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CAPITAL GAINS TAX CAN BE DEFERRED

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Question - I have to move to another state within the next year. After we sell our home here, the home we buy there will probably be less expensive than what we now own. Will we have to pay capital gains taxes? - C. S., Germantown, Tenn..

Answer - Generally, when you have a profit on the sale of your primary residence you must pay taxes on that gain, says Jerry Allison, a partner in the certified public accounting firm of Allison & Chumney. In some cases, that tax may be deferred or excluded, he says.

To figure out your possible tax liability, you must start with your cost basis in the house. Begin with the purchase price; add closing costs on both the purchase and sale as well as any money you spent on improvements such as fences, swimming pool, landscaping, patio or garage, Allison says. Repairs don't count as improvements.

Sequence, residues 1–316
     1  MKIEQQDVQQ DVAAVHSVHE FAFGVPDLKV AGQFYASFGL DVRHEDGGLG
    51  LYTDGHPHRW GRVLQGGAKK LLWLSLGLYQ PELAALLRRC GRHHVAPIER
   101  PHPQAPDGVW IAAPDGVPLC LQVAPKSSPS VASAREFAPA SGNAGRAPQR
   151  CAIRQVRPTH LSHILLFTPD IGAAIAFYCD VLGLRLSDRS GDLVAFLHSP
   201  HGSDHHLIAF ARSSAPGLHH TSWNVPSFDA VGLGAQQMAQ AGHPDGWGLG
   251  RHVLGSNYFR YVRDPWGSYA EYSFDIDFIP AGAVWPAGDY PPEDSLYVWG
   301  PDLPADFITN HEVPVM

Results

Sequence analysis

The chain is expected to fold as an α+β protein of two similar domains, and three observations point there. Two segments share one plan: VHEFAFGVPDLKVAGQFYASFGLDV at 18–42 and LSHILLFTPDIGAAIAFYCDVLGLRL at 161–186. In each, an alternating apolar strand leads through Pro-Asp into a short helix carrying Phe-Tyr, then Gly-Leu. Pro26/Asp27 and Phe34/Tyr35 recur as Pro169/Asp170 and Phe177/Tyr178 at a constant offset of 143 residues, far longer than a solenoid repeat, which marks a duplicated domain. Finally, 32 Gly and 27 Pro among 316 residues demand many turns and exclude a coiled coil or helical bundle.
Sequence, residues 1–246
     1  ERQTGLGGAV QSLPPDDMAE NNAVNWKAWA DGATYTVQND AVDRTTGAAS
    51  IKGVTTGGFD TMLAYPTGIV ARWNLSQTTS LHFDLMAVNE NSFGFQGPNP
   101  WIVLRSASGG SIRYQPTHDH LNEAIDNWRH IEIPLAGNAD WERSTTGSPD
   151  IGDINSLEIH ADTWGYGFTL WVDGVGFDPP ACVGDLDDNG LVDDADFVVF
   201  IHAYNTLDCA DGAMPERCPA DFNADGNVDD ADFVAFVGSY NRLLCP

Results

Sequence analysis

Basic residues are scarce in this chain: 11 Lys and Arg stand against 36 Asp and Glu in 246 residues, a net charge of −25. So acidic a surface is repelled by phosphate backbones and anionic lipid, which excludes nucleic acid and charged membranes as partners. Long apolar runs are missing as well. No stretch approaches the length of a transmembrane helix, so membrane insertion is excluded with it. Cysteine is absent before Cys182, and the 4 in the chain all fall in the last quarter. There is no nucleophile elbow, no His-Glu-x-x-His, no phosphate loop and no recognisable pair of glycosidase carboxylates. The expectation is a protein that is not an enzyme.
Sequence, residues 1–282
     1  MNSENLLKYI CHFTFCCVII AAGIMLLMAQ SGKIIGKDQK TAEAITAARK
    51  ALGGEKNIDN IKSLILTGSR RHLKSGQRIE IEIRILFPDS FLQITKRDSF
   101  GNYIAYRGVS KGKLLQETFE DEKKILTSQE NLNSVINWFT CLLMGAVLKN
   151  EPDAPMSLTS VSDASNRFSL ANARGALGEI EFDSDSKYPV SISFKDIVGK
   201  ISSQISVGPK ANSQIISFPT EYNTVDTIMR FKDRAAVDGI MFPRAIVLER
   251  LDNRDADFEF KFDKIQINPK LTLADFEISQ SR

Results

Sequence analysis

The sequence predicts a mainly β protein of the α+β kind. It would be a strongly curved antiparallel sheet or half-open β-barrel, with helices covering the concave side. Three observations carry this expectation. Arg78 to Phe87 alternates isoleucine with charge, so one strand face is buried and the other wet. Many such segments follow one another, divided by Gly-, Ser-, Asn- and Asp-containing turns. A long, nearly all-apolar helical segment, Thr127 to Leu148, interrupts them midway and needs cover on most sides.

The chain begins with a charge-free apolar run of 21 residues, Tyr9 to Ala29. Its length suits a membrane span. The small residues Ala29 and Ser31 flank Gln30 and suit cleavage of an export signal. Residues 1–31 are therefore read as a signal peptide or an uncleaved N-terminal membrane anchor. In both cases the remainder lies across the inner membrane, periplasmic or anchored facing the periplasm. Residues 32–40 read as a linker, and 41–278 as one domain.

Then, subtract that total from the selling price of your house. That will give you your gain.

For example, your cost basis in your house is $50,000 and you sold it for $100,000. Your gain is $50,000.

Next, says Allison, compare the price of your new home with the sale price of the old one. Say you paid $80,000 for your new house. That means you must pay tax on $20,000 of the gain - the amount you did not reinvest in your new home. Tax on the other $30,000 is deferred.

If you pay more than $100,000 for a new home, then tax on your entire gain would be deferred.